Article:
Keeping an open mind will show your partner that you’re willing to hear what they say, adapt to their evolving needs, and learn from them. You'll deepen your emotional connection and start to understand what sorts of touch they enjoy and where (hint: try exploring these erogenous zones together). Better connection and more pleasure mean you're all winning.
Listening and empathy have a lot in common, and it's nearly impossible to be empathetic without good listening skills. The goal of listening is to understand the message your partner is trying to communicate. Listening requires you to focus and eliminate preconceptions, think about what is said and put the speaker’s needs first.
Try focusing on what your partner is saying and not thinking about your reply to practice listening well. If you're planning your reply, you aren't listening. Before you respond, spend a moment repeating back what you heard your partner say and ask any questions that come up.
Try something like this: "I'm hearing you say you want to have sex a few more times a week. You feel upset that I've turned you down this week because you were feeling disconnected and wanted to fix that. Is that right?" If they confirm, you could say, "I'm really sorry for making you feel like I didn't want to connect with you. I imagine that stung a lot. How did that make you feel in the moment?"
It's easier said than done, but to practice this intentionally, avoid making it about you ("I only said no because I'm stressed!") or telling them they're wrong ("How can you feel disconnected? We ate dinner together every night this week!").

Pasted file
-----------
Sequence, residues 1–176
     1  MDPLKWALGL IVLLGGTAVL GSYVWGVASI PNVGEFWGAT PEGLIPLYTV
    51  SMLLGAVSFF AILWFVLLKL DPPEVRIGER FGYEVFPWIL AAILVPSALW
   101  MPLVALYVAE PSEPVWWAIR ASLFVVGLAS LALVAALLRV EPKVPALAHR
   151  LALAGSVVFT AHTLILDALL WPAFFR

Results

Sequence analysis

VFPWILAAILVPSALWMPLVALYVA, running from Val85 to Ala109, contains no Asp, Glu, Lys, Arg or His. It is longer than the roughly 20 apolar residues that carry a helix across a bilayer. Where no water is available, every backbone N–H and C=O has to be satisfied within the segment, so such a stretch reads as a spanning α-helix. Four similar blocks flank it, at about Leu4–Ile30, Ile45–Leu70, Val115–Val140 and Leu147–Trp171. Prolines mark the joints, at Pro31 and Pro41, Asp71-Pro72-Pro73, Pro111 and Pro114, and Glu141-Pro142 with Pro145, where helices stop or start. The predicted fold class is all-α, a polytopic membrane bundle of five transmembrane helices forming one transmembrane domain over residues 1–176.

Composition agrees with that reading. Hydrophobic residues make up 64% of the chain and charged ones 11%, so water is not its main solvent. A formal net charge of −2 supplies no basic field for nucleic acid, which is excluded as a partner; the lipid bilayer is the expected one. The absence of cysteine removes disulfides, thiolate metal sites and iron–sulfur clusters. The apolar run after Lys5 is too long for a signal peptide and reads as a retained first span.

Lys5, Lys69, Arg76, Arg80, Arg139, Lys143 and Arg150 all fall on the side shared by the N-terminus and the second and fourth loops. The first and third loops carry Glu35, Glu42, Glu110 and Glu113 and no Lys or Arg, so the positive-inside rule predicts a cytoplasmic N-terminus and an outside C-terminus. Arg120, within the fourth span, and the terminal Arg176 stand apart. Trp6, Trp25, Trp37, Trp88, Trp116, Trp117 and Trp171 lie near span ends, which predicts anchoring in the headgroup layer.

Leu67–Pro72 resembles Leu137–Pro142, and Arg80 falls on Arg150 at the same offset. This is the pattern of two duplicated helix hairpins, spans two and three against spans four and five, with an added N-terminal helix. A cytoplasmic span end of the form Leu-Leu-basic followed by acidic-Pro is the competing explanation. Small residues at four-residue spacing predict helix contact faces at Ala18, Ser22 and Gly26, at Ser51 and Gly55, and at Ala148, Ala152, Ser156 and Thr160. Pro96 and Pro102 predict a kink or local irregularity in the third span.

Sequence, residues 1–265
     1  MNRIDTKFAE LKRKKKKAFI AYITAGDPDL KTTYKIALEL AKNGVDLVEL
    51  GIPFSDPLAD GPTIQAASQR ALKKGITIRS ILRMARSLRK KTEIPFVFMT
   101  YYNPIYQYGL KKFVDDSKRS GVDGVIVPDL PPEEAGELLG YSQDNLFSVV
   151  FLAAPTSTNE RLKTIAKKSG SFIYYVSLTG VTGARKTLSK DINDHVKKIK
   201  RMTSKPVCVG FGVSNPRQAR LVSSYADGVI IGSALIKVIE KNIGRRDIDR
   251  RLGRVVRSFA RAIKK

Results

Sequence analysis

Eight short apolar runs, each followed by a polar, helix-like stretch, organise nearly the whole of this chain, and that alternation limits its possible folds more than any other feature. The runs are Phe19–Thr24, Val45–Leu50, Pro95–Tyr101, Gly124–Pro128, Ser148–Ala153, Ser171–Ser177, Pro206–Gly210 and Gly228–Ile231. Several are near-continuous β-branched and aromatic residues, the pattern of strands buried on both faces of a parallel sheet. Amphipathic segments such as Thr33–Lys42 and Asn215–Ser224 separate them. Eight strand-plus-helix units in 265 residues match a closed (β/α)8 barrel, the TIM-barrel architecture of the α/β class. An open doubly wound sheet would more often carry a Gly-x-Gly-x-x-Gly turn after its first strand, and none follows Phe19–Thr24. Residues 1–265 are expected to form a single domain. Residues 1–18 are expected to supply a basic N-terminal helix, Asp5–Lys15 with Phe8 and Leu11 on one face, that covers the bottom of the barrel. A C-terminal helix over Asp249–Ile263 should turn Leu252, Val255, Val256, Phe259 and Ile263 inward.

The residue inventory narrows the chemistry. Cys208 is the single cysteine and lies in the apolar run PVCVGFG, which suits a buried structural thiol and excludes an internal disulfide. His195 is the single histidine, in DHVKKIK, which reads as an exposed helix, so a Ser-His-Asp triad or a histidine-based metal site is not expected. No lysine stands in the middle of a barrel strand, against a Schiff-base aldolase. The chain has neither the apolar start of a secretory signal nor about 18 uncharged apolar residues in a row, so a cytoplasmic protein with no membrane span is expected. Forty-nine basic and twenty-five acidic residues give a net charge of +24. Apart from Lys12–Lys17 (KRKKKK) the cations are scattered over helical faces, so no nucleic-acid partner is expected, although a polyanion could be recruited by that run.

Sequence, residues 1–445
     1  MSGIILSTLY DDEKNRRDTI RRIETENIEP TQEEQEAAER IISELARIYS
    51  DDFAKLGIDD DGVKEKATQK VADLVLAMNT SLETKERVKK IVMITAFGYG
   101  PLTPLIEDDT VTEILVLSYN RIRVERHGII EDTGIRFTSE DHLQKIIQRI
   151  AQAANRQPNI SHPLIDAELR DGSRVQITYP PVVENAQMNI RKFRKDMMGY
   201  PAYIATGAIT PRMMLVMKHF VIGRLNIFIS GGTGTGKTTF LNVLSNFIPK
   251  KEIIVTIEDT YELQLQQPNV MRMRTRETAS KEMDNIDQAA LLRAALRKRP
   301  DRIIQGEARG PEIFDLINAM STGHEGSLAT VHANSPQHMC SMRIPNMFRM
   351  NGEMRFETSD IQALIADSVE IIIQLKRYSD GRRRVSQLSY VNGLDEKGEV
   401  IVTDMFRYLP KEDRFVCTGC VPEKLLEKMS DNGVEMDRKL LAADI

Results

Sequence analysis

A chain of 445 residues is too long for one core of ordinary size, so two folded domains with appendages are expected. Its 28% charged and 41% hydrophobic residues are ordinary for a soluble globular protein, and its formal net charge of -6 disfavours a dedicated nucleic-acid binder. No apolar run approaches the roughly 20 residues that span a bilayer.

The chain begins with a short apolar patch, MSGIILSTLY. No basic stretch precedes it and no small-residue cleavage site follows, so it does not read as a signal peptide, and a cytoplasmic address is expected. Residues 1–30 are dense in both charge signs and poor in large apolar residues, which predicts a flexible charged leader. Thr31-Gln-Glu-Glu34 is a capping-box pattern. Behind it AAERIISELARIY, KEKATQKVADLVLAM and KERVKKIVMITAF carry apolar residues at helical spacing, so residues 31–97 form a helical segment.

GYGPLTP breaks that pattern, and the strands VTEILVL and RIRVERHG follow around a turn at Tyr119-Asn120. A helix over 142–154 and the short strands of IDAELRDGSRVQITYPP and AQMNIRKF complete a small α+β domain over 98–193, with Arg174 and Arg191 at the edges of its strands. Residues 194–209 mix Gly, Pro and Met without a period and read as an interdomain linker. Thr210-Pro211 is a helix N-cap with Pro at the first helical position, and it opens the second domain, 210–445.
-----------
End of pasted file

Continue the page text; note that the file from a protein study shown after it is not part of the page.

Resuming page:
This will push your partner away because they feel misunderstood. The point of empathy is to validate another person's experience, and that often means letting go of the need to be right.
Allowing emotions to control your reactions can lead you astray during a conversation or an interaction with your partner(s). Emotions signal that we need to think about the situation, not that we need to react a certain way. Learning to identify your feelings can help you keep them in check to keep listening with an open mind.
To work on identifying emotions, ask yourself what feelings you're having and write down any that come to mind. You might have a long list of emotions, and they may even contradict each other. Then, try to determine which feeling is the most powerful.
If you aren’t able to identify how you’re feeling, start by writing down how your body feels. Are your shoulders tense? Is your jaw clenched? Is your breathing shallow? Is your heart racing? The answers to these questions can give you clues to your emotional state.